NFL Week 7 Previews: Bears-Bucs, Packers-Vikings, Colts-Saints

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This week's edition of The Weekly League features

1. Largely superficial previews of the Chicago-Tampa Bay, Green Bay-Minnesota, and Indianapolis-New Orleans pro football games.

2. A table of pythagorean records using Expected Points Added, by which measure the Tampa Bay Buccaneers are exposed!!!1!


3. Armchair Psychology, Armchair Statistics, and Armchair Other Sciences.

Chicago at Tampa Bay | Sunday, October 23 | 1:00pm ET
Four Factors

• This seems like an appropriate time to do a Jay Cutler Sack Attack update.
• Doing so, we find that Cutler has been sacked 19 times in six games this season -- but that only five of those sacks have come over the last three games.
• Question: Is that an (a) trend or (b) product of arbitrary endpoints?
• Answer: We don't know.
• Or, rather: I, personally, don't know. There's maybe someone who does.

Green Bay at Minnesota | Sunday, October 23 | 4:15pm ET
Four Factors

• To the extent that the people of the Upper Midwest can harbor contempt for any one or thing, the fans of the Vikings and Packers appear to harbor contempt for each other.
• To the extent that the quality of one's football team represents the virtue of the people from said team's city and region, the people of Green Bay and Environs are -- currently, at least -- more virtuous than their Twin Cities counterparts.
• Surely, as the table towards the bottom of this post reveals, the Vikings are probably unlucky not to have two or three wins right now, and the Packers are lucky to have six -- as opposed to, say, four or five.
• Still, the Packer passing game is the best in the league right now, both in terms of EPA per play (0.42) and net yards per attempt (8.8).
• And it's a testament to quarterback Aaron Rodgers (and the Packer O-line) that wide receivers Jordy Nelson and James Jones -- i.e. not the most physically impressive and/or talented receivers in the NFL -- rank second and third, respectively, in terms of yards per target.

Indianapolis at New Orleans | Sunday, October 23 | 8:20pm ET
Four Factors

• Here's a curious thing: Indianapolis quarterback Curtis Painter, who entered last week averaging the highest rate of deep (i.e. greater than 15-yard) pass attempts -- albeit, yes, in a small sample -- made the second-fewest deep pass attempts by volume (5.9%) last week against Cincinnati.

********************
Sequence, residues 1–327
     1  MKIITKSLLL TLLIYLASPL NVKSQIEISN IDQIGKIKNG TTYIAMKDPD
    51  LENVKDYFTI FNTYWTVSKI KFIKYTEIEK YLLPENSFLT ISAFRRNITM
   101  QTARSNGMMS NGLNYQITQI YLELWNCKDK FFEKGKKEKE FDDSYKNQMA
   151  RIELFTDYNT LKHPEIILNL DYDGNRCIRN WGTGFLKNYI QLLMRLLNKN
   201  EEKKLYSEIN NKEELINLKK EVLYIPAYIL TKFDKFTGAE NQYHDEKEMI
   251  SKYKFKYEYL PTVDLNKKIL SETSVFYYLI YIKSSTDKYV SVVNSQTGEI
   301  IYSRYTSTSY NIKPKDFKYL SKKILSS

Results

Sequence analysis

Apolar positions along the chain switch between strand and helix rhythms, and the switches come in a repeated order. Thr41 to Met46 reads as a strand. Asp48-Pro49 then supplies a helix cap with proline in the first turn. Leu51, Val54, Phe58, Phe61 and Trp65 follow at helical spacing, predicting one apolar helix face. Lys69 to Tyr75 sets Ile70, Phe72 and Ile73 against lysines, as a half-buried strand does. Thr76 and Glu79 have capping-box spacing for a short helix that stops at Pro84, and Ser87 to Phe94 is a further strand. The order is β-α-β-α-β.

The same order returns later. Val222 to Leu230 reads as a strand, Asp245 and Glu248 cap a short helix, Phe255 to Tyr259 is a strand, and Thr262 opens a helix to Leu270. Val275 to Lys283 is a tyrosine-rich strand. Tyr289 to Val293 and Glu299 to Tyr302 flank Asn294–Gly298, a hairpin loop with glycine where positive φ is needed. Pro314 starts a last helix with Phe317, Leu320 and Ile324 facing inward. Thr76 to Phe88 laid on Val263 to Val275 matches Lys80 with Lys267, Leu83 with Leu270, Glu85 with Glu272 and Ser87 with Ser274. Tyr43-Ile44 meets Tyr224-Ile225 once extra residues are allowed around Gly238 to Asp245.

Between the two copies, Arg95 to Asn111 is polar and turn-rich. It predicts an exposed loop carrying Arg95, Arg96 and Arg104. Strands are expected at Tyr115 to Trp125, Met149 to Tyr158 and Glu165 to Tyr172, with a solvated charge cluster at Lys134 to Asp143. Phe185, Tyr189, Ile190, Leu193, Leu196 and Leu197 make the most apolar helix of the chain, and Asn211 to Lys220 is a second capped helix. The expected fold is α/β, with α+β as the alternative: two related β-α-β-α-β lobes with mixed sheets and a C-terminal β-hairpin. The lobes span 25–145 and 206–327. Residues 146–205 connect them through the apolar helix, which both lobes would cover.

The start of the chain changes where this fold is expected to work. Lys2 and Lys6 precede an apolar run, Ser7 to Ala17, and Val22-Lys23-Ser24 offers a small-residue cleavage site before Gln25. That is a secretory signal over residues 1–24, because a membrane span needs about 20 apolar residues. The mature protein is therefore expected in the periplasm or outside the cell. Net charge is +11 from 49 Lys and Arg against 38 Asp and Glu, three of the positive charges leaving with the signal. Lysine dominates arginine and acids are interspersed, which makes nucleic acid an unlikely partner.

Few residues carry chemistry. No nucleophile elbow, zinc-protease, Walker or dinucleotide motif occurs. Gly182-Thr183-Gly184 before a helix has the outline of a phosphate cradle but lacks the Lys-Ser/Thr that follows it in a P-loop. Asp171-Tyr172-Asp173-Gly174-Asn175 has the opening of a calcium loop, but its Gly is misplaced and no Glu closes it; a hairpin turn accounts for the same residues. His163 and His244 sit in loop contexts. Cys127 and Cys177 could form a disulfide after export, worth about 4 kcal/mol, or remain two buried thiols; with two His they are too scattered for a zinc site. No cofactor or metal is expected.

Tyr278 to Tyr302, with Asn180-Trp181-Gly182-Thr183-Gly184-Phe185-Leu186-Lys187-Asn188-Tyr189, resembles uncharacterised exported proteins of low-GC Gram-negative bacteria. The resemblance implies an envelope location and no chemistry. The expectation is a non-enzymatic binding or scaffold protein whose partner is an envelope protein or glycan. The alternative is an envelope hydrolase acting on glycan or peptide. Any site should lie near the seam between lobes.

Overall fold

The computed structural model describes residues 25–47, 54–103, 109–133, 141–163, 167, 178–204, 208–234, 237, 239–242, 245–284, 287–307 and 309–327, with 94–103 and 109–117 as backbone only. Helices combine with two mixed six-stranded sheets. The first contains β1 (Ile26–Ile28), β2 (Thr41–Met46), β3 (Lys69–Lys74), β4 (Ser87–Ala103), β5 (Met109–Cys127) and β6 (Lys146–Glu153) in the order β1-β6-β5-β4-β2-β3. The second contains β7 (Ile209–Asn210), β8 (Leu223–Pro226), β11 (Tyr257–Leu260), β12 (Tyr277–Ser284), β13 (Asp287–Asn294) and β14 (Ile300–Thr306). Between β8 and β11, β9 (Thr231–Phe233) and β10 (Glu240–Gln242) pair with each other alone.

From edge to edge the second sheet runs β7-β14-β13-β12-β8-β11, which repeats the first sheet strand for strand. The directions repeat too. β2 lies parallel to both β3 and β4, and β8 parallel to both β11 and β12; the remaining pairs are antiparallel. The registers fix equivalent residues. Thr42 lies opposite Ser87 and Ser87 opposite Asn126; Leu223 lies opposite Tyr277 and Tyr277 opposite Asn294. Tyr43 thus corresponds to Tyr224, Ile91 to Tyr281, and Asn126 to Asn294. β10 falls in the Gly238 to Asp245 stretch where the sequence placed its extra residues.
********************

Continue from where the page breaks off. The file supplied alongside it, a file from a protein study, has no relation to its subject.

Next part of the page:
• It's likely for this reason that he finished the game with a mere 3.8 adjusted yards per attempt (AYPA).
• Despite the mediocre performance, Painter is still fourth in the league by AYPA, at 6.6.
• That's better, for example, than very talented Saints QB Drew Brees (6.2 AYPA).
• All of which is to say, I recommend watching Curtis Painter play football.

Table: Pythagorean Record by Expected Points Added
The table below represents an attempt to express each team's pythagorean record using Expected Points Added. To do so, I began by putting EPA (both for and against) on the same scale as points for and against. For each team, I've added their EPA to the product of league average points per team (per game) multiplied by a constant (in this case, 0.849). PTS/g and OPTS/g are points and opponents points per game. EPTS/g and OEPTS/g are EPA points and opponent EPA points per game. Luck is the difference between points and EPA points, where red represetns bad luck; green, good luck. EPW, EPL, and EWIN% are the team's pythagorean wins, losses, and win percentage (with 2.37 as the exponent) using EPTS and OEPTS. WLUCK is the difference between actual wins and EPW, where red represetns bad luck; green, good luck. The Panthers, for example, have likely been the greatest victims of randomness so far; the Bucs, the greatest beneficiaries of it.

The Four Factors you see for each game represent each team's performance in four important categories (offensive pass efficiency and run success rate and also opponent pass efficiency and defensive run success rate) relative to league average (where 100 is league average and anything above is good).

Along with the Four Factors, you'll see two other headings: Generic Win Probability (GWP) and Game Probability (PROB). The GWP is the probability a team would beat the league average team at a neutral site. The most recent GWPs for all teams here. The PROB is each respective team's chance of winning this particular contest. Your host, Brian Burke, provides PROBs to the New York Times each week starting in Week Four. This week's numbers (along with methodology) can be found here.

The above games have been chosen as they'll be available to the greatest portion of the network-watching audience, per the NFL maps at

Finally, a glossary of all unfamiliar terms can be found here.